Heartbleed, it cautioned, leaves no traces “so there is no definite way to tell if a server was hacked and what kind of data was stolen".
“Catastrophic is the right word. On the scale of 1 to 10, this is an 11," wrote Bruce Schneier, chief technology office of Co3Systems and a fellow at Harvard University’s Berkman Center, US, on his personal blog on Wednesday.
According to Ashley Thurston, a researcher at security firm Dashlance Inc., Heartbleed has put millions of websites at risk, allowing an intruder to “undetectably" intercept data between a user and the websites they use. “The keyword here is undetectably—it’s impossible to know if a site that was affected by Heartbleed was in fact exploited. All we can know is which sites were at risk," he said.
The good news is that OpenSSL has fixed the bug. Affected users, according to the OpenSSL website, should upgrade to OpenSSL 1.0.1g. Besides, most cloud infrastructure services providers have announced fixes for Heartbleed. Microsoft Corp. said its Azure cloud platform has been largely unaffected, but warned that customers running Linux images on it may be affected. Public cloud providers such as Google Inc. and Amazon Web Services also issued updates to inform customers what systems had been patched and what measures needed to be taken to prevent the bug from affecting websites.
“Bugs in a single software or library come and go and are fixed by new versions. However, this bug has left large amount of private keys and other secrets exposed to the Internet. Considering the long exposure, ease of exploitation and attacks leaving no trace this exposure should be taken seriously," cautions heartbleed.com, created after the discovery of the bug. Leaked secret keys allow an attacker to decrypt any past—and future—traffic to the protected services and impersonate the service at will, it adds.
According to Kurt Baumgartner, a researcher at Kaspersky Lab, a few hacking groups believed to be involved in state-sponsored cyber espionage were running scans to exploit the bug. “The numbers were gradually increasing and this was even more evident when security software company Rapid7 released a free tool for conducting such scans. This problem is insidious and devices besides servers could be at risk because they run software programmes with vulnerable OpenSSL code built into them," he said in a statement.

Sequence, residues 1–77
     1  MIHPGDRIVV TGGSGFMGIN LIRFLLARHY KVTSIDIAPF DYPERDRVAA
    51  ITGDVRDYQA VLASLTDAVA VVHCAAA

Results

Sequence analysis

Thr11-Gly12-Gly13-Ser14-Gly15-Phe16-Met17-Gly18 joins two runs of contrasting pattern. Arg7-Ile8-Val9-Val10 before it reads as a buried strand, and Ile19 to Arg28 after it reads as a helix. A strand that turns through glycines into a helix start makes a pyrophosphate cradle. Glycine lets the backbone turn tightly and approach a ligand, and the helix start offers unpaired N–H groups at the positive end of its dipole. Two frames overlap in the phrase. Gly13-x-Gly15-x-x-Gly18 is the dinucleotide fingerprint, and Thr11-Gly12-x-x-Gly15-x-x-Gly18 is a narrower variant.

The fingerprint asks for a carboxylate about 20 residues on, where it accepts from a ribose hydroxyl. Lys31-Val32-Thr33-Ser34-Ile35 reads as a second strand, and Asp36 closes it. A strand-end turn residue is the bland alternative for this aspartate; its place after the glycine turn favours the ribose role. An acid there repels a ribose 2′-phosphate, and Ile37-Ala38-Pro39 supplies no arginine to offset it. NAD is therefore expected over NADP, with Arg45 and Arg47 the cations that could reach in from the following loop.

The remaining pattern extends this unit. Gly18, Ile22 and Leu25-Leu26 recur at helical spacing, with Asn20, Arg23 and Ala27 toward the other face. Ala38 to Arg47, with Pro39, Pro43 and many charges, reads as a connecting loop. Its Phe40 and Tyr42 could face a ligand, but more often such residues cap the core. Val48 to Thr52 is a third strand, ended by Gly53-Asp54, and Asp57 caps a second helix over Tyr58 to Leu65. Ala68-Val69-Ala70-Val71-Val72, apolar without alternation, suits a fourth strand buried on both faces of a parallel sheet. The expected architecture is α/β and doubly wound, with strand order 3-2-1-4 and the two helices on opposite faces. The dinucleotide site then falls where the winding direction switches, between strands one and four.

In 2013, there was a 62% increase in the number of data breaches over the previous year, resulting in more than 552 million identities exposed, proving cyber crime remains a real and damaging threat to consumers and businesses alike, according to a Tuesday report by security firm Symantec Corp.
Schneier of Co3Systems advises users that after patching up their systems, they should get a new public/private key pair, update their SSL certificate, and then change every password that could potentially be affected.
On the positive side, reads the heartbleed.com site: “For those service providers who are affected this is a good opportunity to upgrade security strength of the secret keys used. A lot of software gets updates which otherwise would have not been urgent. Although this is painful for the security community, we can rest assured that infrastructure of the cyber criminals and their secrets have been exposed as well."